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Lou Barlow
Goodnight Unknown The Quietus , October 22nd, 2009 08:57

By Ash Dosanjh

If there was one nugget of wisdom to be taken from Michael Azerrad's account of the shambolic internal workings of Dinosaur Jr, it was that it was a reckless machine manned by a trio of socially inept young men on the path of destruction. Not that a life spent over-analysing, self-deprecating and mulling over his emotional state has necessarily been a wasted one in the case of that band's bassist, Lou Barlow.

Delving into Dinosaur's history — J Mascis' indifference, Murph's occasional psychotic outburst and Barlow's well-documented passive-aggressive nature — it's obvious to see that Barlow could be singled out as "the sensitive one"; a disposition that has since manifested itself in his ensuing projects (Sebadoh, Folk Implosion). So fragile and cross-examining has Barlow's sonic and lyrical output been since his initial sacking from Dinosaur (he's since been reinstated), it's little surprise that his last solo offering — a stripped acoustic record of slight charm and immeasurable comfort — was christened Emoh.

Although it may seem sacrilegious to say so, Barlow's intense pining on his previous recordings sometimes tripped him up; by contrast, his defining statements of love and hunger are explored succinctly on Goodnight Unknown. Although those trademark Barlowisms of brooding and introspection bedded by sparse guitars and lo-fi instrumentation aren't totally exorcised, Goodnight Unknown bravely shines a light of aggressive assertiveness into territory less trodden by Barlow. Tracks such as 'Sharing' and 'Gravitate', for example, lean heavily towards latterday Dinosaur than much of his back-catalogue solo work ever has.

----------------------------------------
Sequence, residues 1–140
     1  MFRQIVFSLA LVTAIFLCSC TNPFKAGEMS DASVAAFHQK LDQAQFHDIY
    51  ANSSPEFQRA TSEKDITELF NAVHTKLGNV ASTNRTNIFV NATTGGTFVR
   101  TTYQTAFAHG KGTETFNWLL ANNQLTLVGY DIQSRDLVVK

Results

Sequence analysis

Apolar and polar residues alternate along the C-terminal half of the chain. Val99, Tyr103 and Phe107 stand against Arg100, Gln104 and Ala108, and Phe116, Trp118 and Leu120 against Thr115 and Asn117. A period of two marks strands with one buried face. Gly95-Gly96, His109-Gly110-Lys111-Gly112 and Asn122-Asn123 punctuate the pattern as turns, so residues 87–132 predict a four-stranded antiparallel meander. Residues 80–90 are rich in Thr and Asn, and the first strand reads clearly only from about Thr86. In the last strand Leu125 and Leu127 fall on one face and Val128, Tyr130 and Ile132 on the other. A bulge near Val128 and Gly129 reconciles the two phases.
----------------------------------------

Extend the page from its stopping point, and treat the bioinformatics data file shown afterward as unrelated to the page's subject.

Sure, there's still the nostalgic romanticism that Barlow can't quite shake off (and why would you want him to?), but this time around it's backed by the same subtle nuisances and psychoanalytical contemplation not so far removed from early Cat Stevens ('The One I Call', 'Take Advantage', 'I'm Thinking') and the clanky guitars, calamity and near-otherworldliness of Iron & Wine at their most raucous ('Gravitate', 'One Machine, One Long Fight').

It seems that with Goodnight Unknown, Barlow has dismissed the demons that have triggered the nervousness and — dare we say — paranoia of his past works. Here's hoping that what was once foreign for Barlow becomes familiar.